STD Home > How Heather Works and What to Tell Your Doctor

Important Information for Your Healthcare Provider

You should talk with your healthcare provider prior to using Heather if you have:
  • Liver disease, including liver failure, cirrhosis, hepatitis, or liver tumors
  • Migraines or other unusual or severe headaches
  • Diabetes
  • Cancer (or if you have had cancer in the past)
  • Unexplained vaginal bleeding.
Also, let your healthcare provider know if you are:
Make sure to tell your healthcare provider about any other medications you are taking, including prescription and nonprescription medicines, vitamins, and herbal supplements.
(Click Precautions and Warnings With Heather to learn more, including information on who should not take this contraceptive.)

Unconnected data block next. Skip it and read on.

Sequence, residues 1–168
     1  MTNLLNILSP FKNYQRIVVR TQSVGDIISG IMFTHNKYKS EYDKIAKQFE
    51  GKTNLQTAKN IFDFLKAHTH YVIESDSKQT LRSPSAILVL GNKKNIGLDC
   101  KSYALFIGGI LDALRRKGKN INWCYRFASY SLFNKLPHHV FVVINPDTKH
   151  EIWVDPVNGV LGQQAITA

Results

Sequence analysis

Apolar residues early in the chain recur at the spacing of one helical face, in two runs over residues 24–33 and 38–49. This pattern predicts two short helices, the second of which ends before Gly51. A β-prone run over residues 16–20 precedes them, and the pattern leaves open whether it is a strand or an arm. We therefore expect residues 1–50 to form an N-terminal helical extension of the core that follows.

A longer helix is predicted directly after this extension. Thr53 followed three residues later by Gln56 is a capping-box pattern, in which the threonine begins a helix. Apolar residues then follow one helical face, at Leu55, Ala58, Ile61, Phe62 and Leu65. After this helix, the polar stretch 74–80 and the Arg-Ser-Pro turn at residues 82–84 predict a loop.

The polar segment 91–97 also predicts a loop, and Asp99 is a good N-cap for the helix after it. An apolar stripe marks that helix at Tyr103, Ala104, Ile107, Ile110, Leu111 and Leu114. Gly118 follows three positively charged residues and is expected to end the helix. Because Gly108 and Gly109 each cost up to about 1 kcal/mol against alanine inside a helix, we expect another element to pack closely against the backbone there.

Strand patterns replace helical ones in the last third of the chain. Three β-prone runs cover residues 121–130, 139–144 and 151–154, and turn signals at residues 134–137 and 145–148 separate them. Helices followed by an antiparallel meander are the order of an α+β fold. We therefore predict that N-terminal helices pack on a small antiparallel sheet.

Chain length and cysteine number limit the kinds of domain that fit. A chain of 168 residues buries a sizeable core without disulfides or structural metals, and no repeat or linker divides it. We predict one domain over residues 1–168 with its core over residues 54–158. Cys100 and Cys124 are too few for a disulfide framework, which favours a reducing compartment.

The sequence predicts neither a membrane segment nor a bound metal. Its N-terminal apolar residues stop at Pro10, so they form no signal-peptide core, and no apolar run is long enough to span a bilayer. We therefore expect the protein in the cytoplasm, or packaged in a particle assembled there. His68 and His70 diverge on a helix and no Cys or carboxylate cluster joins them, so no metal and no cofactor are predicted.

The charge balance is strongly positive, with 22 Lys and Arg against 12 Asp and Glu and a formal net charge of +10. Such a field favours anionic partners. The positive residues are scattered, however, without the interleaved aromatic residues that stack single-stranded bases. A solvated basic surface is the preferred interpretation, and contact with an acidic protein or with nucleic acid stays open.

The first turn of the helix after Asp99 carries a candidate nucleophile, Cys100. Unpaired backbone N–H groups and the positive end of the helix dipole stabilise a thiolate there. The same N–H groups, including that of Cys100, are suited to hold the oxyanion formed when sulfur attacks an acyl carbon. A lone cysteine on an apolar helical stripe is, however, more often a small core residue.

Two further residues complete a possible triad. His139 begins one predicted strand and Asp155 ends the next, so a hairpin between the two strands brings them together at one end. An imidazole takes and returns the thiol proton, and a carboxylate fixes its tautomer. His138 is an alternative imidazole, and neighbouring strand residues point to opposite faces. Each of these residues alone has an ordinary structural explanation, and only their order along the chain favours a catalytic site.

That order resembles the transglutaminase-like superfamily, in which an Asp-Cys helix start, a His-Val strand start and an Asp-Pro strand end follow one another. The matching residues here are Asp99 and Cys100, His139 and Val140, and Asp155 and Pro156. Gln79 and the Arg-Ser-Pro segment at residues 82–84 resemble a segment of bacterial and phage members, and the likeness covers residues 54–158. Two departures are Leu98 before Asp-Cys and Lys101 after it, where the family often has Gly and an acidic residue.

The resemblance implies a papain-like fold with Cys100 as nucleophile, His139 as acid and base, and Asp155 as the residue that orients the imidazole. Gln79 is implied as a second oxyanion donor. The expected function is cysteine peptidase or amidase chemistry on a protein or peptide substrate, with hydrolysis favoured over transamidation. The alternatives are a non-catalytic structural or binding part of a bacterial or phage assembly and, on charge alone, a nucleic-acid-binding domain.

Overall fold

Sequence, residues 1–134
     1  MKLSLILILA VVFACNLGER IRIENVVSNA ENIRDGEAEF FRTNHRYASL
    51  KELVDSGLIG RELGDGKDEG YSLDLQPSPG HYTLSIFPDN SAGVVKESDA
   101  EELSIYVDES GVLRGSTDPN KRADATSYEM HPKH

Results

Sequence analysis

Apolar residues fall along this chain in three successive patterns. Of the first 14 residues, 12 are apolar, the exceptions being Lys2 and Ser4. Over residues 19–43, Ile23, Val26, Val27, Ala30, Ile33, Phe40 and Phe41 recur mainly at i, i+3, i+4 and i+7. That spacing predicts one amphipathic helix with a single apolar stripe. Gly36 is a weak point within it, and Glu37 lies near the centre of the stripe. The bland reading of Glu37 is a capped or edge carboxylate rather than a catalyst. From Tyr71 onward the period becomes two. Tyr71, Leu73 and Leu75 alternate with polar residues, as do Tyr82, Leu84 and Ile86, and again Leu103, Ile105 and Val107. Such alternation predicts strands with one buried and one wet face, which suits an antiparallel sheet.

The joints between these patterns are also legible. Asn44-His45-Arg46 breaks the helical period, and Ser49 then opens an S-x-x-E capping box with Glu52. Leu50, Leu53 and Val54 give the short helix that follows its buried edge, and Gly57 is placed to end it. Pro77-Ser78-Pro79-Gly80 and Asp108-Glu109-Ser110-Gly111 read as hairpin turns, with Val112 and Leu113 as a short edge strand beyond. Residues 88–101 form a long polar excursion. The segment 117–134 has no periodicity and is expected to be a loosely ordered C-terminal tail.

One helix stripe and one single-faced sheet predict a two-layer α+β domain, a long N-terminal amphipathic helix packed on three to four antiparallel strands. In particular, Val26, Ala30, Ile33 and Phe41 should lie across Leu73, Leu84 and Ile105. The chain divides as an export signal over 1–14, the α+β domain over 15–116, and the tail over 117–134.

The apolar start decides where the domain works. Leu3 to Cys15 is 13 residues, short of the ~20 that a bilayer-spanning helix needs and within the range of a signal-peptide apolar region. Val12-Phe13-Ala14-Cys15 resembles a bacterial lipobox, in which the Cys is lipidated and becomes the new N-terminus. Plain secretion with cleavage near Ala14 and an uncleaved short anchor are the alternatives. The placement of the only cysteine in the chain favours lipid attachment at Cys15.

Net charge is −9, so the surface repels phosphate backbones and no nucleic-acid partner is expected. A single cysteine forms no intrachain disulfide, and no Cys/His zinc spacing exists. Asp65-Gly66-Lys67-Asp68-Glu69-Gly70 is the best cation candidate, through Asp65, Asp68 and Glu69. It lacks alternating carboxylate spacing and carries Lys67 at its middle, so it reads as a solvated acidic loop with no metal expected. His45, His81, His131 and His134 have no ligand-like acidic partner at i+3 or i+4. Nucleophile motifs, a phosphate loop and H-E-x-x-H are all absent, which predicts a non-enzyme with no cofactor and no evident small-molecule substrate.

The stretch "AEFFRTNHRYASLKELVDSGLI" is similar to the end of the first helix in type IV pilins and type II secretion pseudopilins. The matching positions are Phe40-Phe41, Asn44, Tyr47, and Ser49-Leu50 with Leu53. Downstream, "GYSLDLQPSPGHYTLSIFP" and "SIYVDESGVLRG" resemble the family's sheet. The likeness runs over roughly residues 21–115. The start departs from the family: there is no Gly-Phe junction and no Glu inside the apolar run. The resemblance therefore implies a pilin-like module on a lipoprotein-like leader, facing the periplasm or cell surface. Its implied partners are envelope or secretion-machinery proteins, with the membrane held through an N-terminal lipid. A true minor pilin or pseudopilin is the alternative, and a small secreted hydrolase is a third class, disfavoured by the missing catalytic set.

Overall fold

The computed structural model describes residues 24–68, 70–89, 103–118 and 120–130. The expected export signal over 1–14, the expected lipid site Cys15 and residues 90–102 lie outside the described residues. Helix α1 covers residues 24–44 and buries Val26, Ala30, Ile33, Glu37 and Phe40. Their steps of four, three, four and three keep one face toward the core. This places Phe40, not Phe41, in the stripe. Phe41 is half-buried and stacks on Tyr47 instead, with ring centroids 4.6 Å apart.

How Does This Contraceptive Work?

As previously stated, Heather is a progestin-only oral contraceptive. Because it contains only a progestin, it is not as effective as birth control pills that contain both a progestin and an estrogen (known as combined oral contraceptives).
Because Heather is only 50 percent effective at preventing ovulation, it must rely on other mechanisms to prevent pregnancy. This birth control pill alters the lining of the uterus (called the endometrium), making it less receptive to an embryo. It also changes the cervical mucus (the fluid of the cervix, which is the lower, narrow part of the uterus that is connected to the vagina), making it more difficult for sperm to enter the uterus.
Unlike combined oral contraceptives, there are no inactive or "placebo" pills in each pack of Heather. Every tablet contains the active hormone, and there is no break in between pills or packs. As a result, menstrual periods often occur at irregular intervals.
Written by/reviewed by:
Last reviewed by: Kristi Monson, PharmD;
Last updated/reviewed:
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